Emily Tan
Jan 29, 2015

Why Greg Armshaw left McCann for a visual-analytics startup

SINGAPORE - Greg Armshaw explains his decision to leave his role as chief technology catalyst at McCann Worldgroup Asia-Pacific for a post at startup visual-analytics firm Graymatics.

Greg Armshaw
Greg Armshaw

In his newly created role as head of application strategy, Armshaw is tasked with "taking the tech they've built and working with clients to craft specific and bespoke applications that help solve problems from objectionable content to e-commerce," he said. "To make this tech usable for both businesses and consumers."

Launched in 2011 in both Singapore and Silicon Valley, Graymatics has built what Armshaw describes as the world's leading engine for multimedia visual analytics. The startup has received funding from Citrix and the Prime Minister's Office of Singapore. 

Armshaw will continue to be based in Singapore and will report to Abhijit Shanbhag, CEO and president. 

A spokesperson for McCann explained that Armshaw's role at the agency would be absorbed by newly appointed chief digital officer Patrick Rona. 

Q&A: Campaign Asia-Pacific asked Armshaw to explain the reasons behind his career move.

You've been at McCann since 2006, what enticed you to leave?

It's two things, and the first is the timing of this particular tech. I've been working a lot around mobile and the evolution of social and you know, despite the fact that annually we are now sharing over 1 trillion photos across social networks and watch 72 billion hours of video on YouTube alone, the only information we could analyse from those images was the metadata. There is such a dearth of knowledge in an area, visual, that is so important to us as people. 

The second factor that interested me is brand safety. At a recent conference, the CMO of Kraft [Julie Fleishcer] said the brand rejected about 85 per cent of real-time online inventory due to fraud and brand safety—something that can only be determined by video and image analytics. 

At conferences on programmatic buying there's an implication by speakers that the buying placement is independent of the environment, that it follows the cookie and the customer. Often a brand representative will stand up and say, 'Actually, we are still kind of concerned about the environment', but it's all glossed over. 

And how did this lead you to Graymatics?

So Graymatics's R&D team has been working for the past four years to build an engine that enables automated real-time analysis and classification of videos and images. These tools allow content owners, brands, publishers, telcos, to organise and search image and video content.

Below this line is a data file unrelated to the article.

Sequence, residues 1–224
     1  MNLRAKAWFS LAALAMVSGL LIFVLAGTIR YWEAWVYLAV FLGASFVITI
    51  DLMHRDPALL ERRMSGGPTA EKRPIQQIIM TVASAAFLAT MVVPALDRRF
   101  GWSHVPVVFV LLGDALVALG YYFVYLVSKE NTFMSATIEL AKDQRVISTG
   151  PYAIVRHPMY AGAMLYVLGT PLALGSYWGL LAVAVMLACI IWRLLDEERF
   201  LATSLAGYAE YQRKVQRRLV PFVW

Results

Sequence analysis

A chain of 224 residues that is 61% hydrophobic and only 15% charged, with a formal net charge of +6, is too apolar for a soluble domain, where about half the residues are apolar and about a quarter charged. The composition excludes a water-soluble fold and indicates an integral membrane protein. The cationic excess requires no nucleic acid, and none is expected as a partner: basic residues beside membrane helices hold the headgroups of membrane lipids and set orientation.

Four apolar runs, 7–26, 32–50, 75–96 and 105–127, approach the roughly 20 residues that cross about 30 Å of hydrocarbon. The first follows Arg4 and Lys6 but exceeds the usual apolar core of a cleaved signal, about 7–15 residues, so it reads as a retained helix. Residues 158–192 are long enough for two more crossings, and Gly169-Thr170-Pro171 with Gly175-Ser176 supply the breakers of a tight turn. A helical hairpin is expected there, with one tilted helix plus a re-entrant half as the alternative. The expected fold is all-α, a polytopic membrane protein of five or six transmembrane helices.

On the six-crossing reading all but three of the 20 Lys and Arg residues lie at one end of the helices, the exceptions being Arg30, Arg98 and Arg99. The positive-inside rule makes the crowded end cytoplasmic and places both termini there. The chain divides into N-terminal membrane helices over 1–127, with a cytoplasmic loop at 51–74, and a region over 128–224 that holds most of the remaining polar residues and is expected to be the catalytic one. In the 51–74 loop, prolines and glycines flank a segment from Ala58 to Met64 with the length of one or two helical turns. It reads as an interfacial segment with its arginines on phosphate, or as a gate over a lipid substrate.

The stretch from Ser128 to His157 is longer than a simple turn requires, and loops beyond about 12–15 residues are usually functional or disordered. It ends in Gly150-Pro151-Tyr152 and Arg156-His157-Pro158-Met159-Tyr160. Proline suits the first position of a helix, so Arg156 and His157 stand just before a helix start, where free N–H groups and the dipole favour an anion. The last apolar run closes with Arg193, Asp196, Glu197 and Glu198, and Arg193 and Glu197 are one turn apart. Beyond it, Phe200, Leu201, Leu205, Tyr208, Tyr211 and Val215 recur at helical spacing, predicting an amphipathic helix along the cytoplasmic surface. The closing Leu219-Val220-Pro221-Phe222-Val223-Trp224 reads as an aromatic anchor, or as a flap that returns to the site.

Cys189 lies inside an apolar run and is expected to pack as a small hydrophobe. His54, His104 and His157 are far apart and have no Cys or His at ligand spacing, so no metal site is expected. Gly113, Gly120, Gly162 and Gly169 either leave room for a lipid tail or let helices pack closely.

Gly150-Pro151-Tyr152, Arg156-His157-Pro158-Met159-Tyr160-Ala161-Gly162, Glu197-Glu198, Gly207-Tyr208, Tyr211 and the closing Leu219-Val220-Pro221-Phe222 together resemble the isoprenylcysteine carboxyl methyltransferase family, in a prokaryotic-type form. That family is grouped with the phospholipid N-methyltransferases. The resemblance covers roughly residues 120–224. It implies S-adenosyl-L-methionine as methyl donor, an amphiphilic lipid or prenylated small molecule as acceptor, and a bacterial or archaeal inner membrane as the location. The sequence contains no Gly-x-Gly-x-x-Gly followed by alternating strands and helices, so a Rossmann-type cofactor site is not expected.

What are the potential applications of this capability?

There are quite a few. Currently there are tools that look out for objectionable content, and that's just been launched in China. So there's definitely the security element. There's uses in retail, e-commerce is a big area of growth. So far sites that let a user post a picture and search for a similar image are either searching with metadata or via an online community's recommendations. This would allow you to search for images that look like the one you've posted. There's also the possibility of analysing website use to be able to study what images appeal to which customer and why.

Why is the last part important? 

There is a paper by Theodore J Marchese, an educational professional in the US, and in it he explains that human cognition draws 80 per cent of its information from memory and only 20 per cent of it comes from external senses, what we perceive. So while we might both agree a painting is beautiful, what you perceive and understand of that beauty and what I perceive and understand may be very different. The ability to figure that part out would provide very powerful data. 

Could you tell us more about the launch in China? 

Graymatics has just launched two tools in China, ImageAssurance and VideoAssurance, that are designed to analyse hundreds of millions of images in real-time for objectionable content—such as pornography or violence.

It's already been put to use by U+, a Chinese mobile social network with a popular photo- and video-sharing function. It had about 30 million users sharing 50 million photos every month. Because some of that content was objectionable, the network was suspended by the Chinese government. So U+ integrated Graymatics' products and is now up and running and touts itself as the cleanest social network of its genre in China. 

So what's next for Graymatics?

It's ready to scale up. So far we have quite a few global clients based in Europe, US, China, Japan, Southeast Asia and India. They include telcos, publishers and retailers. My role is to help them keep growing. 


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